It is clear that the democratic rights movement, today, will have to carry out an intense analysis of the social content and social structure. In the post-colonial and agrarian societies like India, one aspect of the democratic rights movement will be that of radical social movements. It is a backlog of history which will have to be completed within the scope of the democratic rights movement itself. If it has to wage a struggle against the despotism and tyranny of the state, it will also have to open a front against the social and cultural despotism and tyranny.
The undemocratic social institutions act as a social prop of the tyranny of the state and they themselves encroach upon the democratic rights of the people. Without freeing themselves from the shackles of the despotic social values and customs, the ordinary people cannot carry out organised resistance against the state repression. An intensive and prolonged campaign needs to be waged against the social institutions and values which help to establish the socio-cultural and ideological hegemony of the state. It is important, today, to extend the democratic rights movement to the people by taking it out of the intellectual circle. Instead of being confined to the activities of petition-plea-prayer on some incidents or issues, it must be a broad based people’s movement against the violation of the democratic rights at every step in the day-to-day life of masses. It should not only be a political movement but a broad based socio-cultural movement as well.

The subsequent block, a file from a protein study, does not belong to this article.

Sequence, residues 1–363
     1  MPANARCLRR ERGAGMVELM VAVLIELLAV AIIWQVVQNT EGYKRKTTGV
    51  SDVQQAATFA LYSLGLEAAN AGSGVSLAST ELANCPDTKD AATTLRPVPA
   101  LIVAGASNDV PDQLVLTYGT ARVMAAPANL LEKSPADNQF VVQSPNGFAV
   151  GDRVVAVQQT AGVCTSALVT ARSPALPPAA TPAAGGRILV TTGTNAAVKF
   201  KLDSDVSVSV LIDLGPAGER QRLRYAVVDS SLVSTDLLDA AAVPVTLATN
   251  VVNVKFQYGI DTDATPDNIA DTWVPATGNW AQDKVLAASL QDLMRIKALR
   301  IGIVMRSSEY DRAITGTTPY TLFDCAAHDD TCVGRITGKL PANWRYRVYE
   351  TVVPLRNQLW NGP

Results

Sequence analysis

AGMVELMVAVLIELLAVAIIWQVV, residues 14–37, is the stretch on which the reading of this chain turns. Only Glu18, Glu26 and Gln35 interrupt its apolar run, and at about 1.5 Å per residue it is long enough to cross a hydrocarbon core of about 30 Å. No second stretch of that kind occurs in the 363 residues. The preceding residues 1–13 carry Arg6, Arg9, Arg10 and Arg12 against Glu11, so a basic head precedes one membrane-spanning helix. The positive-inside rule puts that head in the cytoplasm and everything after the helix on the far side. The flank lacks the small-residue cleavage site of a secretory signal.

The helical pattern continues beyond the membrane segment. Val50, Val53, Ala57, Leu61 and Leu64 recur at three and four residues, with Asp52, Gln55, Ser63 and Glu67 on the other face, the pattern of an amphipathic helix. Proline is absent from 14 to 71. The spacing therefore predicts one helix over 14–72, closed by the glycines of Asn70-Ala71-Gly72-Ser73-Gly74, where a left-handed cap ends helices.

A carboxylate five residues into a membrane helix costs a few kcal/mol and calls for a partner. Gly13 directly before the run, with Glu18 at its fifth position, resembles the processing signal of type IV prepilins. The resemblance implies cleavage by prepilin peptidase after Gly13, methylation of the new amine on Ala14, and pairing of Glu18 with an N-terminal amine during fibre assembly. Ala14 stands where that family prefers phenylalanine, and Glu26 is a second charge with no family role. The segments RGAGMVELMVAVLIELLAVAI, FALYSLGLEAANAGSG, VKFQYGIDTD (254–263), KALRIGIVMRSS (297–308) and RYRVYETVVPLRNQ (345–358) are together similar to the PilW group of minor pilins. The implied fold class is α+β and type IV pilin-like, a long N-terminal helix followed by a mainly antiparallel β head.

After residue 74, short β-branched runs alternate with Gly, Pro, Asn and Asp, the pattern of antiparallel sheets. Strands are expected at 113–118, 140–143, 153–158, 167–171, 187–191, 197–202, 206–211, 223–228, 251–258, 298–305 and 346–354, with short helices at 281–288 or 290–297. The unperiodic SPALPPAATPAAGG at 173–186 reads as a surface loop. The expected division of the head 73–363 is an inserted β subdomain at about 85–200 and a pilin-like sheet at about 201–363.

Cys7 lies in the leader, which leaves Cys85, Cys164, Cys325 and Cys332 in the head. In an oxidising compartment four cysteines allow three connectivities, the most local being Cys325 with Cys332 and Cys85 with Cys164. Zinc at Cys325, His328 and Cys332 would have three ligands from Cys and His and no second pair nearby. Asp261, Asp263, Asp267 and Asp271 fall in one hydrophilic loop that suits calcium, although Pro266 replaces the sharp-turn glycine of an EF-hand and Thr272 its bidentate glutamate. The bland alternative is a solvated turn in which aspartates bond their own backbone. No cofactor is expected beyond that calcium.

The democratic rights movement will have to make a long-term plan and strategy for awakening and educating people apart from extremely important tasks such as raising voice against the repressive acts of state and the draconian laws. It will have to go to the grass-root level and uplift the ideological and cultural level of the people and at the same time it will also have to boldly organise the masses at the basic level against the varied forms of undemocratic social institutions and social oppression. It calls for a protracted and multidimensional socio-cultural and political work of agitation and propaganda. Without building a broad based mass movement against the undemocratic tendencies prevalent in the social life, the battle of the democratic rights of the masses against the state cannot be taken to its logical conclusion.
(Translated from Hindi: Anand Singh)